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BW Businessworld

Quest For Transparency

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When you're hot, you're hot. Except that when it's money that's hot that is flooding your stockmarket, people tend to get worried. Every time the equity market rallies on the back of sustained inflow from foreign institutional investors (FIIs), people seem to believe that the money coming into India is non-transparent (hot meaning non-transparent) and can play mischief with the markets.
 
Of course, there has not been any evidence of misconduct in the market due to such flows; however, everyone from Mint Street to Dalal Street tends to believe that foreign money coming into the market, particularly through the participatory notes (popularly known as PNs or P-notes) route is short-term hot money. It makes even the regulators sweat a little.

This is not the first time such doubts have been raised about the source of funds coming through PNs. Earlier in 2007, PNs issuances by sub-accounts of FIIs were banned.  But the ban was short-lived. In 2008, when FII flows dried up post-sub-prime crisis, the ban on PNs was reversed. Fast forward to now, as $28 billion came into Indian equities, concerns that PNs are being used to ‘launder' money are emerging again.  
 
On average, 50-55 per cent of FII money comes through PNs. Though recently it went as high as 75 per cent (attributed to the Coal India initial public offering — FIIs placed large bids through PNs include Citibank's $1 billion, Merrill Lynch's $2 billion and Deutsche Bank's $3 billion). The size of PNs has grown from a mere $7-8 billion in 2004 to around $80-90 billion today. So can there be smoke without fire?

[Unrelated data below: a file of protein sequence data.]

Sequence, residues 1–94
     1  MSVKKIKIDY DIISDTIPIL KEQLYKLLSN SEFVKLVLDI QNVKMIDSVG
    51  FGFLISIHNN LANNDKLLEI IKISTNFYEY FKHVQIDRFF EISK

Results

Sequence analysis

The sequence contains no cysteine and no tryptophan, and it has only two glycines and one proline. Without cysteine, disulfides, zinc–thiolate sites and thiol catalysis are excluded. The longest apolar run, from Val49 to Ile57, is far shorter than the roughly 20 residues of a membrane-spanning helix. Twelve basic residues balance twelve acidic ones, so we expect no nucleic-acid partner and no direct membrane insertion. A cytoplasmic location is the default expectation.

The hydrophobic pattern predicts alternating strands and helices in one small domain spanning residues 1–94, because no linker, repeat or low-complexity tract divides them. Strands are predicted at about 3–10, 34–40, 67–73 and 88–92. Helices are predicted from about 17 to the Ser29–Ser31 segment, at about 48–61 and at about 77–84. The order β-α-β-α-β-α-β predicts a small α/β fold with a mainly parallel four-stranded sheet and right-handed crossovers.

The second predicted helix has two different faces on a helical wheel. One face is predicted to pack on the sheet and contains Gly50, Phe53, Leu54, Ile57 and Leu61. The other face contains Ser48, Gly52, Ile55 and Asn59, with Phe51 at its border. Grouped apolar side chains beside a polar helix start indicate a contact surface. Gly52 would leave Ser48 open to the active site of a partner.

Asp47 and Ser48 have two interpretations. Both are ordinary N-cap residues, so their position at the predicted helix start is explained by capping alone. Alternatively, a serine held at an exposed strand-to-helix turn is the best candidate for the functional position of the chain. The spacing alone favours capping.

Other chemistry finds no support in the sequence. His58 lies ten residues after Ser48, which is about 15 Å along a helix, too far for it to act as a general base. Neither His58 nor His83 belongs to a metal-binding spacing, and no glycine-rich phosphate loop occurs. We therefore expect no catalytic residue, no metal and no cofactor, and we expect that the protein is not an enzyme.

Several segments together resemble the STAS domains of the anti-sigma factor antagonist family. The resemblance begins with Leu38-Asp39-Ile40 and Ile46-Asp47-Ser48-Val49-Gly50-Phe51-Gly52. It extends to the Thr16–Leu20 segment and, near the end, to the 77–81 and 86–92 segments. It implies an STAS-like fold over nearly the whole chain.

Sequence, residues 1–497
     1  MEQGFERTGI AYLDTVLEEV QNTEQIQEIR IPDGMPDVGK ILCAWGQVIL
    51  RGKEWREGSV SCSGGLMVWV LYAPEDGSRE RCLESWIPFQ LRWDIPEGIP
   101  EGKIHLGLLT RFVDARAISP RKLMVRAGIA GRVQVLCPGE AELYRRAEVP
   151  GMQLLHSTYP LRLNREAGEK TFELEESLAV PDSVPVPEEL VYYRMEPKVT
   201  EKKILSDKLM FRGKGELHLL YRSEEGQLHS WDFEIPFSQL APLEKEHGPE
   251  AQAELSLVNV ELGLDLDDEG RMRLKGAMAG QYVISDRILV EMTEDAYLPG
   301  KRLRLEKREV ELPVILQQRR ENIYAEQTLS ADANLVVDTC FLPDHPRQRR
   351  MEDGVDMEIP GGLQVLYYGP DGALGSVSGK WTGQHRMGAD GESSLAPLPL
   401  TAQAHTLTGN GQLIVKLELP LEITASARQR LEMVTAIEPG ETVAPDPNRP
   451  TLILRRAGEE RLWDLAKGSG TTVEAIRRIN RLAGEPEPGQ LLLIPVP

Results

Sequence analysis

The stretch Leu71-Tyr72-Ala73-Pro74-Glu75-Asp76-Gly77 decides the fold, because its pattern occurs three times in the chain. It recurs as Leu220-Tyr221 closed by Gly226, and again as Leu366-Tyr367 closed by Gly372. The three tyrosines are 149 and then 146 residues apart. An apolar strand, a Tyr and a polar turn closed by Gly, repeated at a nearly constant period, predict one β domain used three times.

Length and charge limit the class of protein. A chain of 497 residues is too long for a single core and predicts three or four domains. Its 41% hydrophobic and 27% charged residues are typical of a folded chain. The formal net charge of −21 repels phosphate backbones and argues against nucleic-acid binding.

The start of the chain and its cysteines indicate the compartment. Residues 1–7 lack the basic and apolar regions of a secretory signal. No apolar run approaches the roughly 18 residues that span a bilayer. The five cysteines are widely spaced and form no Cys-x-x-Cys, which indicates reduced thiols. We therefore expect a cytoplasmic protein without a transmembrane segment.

Sebi has been vigilant in undertaking due diligence, asking several FIIs to furnish details of the PNs issued to their clients, especially the short-sell position on a daily basis; but despite repeated efforts by Sebi, it has been consistently stonewalled because of client confidentiality.  For many, the memory of the aftermath of Black Monday (17 May 2004) is still fresh. Then, Sebi had banned UBS, the Swiss Bank, from accessing the equity market for suspicious selling in a few stocks on behalf of PN clients. But the decision was overruled by Securities Appellate Tribunal citing disparity in Sebi's FII regulations.

Last year, UBS was also accused of round-tripping, routing money from their clients' account in the UK to purchase stocks in Indian companies, particularly Reliance Energy and Reliance Natural Resources. The UK regulator — the Financial Services Authority — fined UBS £8 million or roughly Rs 50 crore.
 
The Reserve Bank of India has long wanted a blanket ban on PNs: it makes managing capital flows easier. But Sebi and the finance ministry are against the idea. In part, no one wants the market to stop rising (most of its rise is based on FII flows), and second, bigger capital flows imply greater confidence in economic growth prospects. Why ruin a good story?

But if we indeed believe that ours is a great story, why not open up completely? Just ban derivative instruments such as the PNs and encourage direct entry, making the market more transparent. A blanket ban would reduce volumes in the immediate term, but the world can no longer ignore India and its markets.
 
During his visit, US President Barack Obama said India was not emerging, it has emerged. If it has, it may make sense to let the real investors emerge from behind the PNs into the direct light scrutiny by day, every day, in the markets.

(This story was published in Businessworld Issue Dated 22-11-2010)


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